A Basic Guide To Broken Link Building
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Any budding SEO will tell you that white hat link building has become increasingly tough over the last few years, topped off by Matt Cutts’ declaration in January that “guest blogging is done”.
The question for many SEO’s now is “how do I build links?” I’m here to tell you that there is another way. A way to build scalable, powerful, white hat links that can make a real difference to your site’s positioning within the search engines.
The answer is broken link building.
What is broken link building?
Broken link building is the process in which an SEO makes contact with a webmaster that has a broken link on their site & recommends that rather than removing the link entirely, that instead they link back to their site. For a webmaster to accept an SEO’s request, it’s essential that the SEO’s website is of the same theme as the broken link & the content they are providing as a replacement is an article/video/infographic or even entire website that the webmaster actually wants to link to.
What steps should I take?
Broken link building is a simple process, which follows three key steps:
- Prospecting – Finding the sites with potential broken links.
- Search – Finding the broken links within the resources.
- Outreach – Reaching out to webmasters to replace the broken links with your own.
Step 1 : Prospecting
The first step in the process of broken link building is actually finding the resources with the potential broken links that can be tapped into.
There are various tools that can be used to find broken link building opportunities, including Citation Labs Broken Link Finder, however in this instance; I’ll be exploring what I feel to be the most basic & cost free method around.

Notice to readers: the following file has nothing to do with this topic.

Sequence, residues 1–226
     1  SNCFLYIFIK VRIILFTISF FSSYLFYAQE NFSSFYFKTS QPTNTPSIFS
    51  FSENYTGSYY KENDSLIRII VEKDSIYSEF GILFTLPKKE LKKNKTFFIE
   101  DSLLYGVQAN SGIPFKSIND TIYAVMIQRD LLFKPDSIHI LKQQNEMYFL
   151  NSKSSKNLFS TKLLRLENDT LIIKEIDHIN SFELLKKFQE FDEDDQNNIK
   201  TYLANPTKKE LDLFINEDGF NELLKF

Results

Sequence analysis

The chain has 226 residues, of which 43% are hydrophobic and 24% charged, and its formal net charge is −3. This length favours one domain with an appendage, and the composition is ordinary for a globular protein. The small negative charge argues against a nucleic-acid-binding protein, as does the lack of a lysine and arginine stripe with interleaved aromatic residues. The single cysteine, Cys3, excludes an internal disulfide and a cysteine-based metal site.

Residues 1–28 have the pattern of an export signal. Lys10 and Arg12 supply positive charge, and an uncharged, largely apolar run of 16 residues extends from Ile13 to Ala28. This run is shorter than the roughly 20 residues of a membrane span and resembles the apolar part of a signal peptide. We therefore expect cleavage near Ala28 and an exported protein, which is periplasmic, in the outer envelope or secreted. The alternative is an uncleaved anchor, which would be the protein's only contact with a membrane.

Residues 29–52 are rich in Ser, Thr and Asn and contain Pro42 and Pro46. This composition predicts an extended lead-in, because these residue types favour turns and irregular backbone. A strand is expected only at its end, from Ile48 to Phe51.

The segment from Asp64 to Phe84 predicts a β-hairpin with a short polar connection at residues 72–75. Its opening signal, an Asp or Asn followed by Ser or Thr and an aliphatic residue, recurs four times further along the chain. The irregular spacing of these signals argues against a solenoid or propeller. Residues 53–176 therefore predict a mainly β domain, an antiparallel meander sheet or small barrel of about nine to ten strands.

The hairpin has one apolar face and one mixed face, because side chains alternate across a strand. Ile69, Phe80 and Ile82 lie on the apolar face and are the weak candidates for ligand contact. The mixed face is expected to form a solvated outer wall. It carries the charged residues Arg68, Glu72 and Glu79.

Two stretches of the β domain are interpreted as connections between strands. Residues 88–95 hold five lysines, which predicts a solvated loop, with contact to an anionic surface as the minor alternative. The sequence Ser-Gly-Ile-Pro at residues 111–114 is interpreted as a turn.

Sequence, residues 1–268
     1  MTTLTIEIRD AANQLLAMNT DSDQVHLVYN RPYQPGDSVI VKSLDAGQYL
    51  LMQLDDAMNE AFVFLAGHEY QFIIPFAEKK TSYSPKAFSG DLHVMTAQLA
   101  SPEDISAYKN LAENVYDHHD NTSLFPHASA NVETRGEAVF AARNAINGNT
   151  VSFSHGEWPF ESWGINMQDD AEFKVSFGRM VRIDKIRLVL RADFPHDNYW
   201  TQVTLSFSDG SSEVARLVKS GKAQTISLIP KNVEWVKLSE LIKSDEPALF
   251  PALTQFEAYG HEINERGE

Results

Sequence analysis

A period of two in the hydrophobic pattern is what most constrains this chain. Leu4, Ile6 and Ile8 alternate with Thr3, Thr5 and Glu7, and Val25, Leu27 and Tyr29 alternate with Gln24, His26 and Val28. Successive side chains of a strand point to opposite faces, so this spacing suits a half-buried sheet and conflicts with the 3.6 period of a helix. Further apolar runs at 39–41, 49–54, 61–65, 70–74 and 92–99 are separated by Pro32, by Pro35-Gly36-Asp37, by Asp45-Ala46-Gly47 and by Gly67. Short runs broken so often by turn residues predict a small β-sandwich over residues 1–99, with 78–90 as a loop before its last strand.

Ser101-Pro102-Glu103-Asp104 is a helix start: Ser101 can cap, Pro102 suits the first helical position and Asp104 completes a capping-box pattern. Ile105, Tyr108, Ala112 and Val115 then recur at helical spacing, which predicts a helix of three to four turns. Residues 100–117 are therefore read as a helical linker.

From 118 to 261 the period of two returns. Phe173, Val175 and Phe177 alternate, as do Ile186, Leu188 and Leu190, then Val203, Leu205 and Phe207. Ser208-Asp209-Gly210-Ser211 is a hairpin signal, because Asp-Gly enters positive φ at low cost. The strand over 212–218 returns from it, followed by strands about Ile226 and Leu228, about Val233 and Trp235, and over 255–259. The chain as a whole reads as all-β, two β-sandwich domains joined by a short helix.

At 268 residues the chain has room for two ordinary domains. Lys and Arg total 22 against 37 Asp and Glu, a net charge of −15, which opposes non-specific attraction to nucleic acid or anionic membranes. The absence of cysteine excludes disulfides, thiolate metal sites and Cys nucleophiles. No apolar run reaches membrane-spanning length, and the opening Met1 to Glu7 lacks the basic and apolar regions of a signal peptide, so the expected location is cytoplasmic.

Using advanced operators in search engines is a fantastic way of finding relevant sites with broken links.
An advanced operator allows users to narrow down & refine their search results simply by adding specific words & symbols to their query.
Below is a list of advanced operators that could be used to find relevant resources & potentially a whole range of broken links.
KEYWORD inurl:resources – This query would tell Google to find pages relevant to your chosen keyword that contain “resources” within the URL.
KEYWORD inurl:links – With this query, you are telling Google to find pages relevant to your keyword that contain “links” within the URL.
KEYWORD inurl:websites – Much like the above two advanced operators, you are telling Google to find pages related to your chosen keyword, only this time that include “websites” within the URL.
KEYWORD intitle:resources – Here you are telling Google to find pages relevant to your keyword that contain “resources” within the page title.
KEYWORD intitle:links – In this instance, you are telling Google to find pages relevant to your targeted keyword that contain the phrase “links” within the page title.
KEYWORD intitle:websites – Similar to the above, this query is telling Google to find pages relevant to your chosen keyword this time containing “websites” within the page title.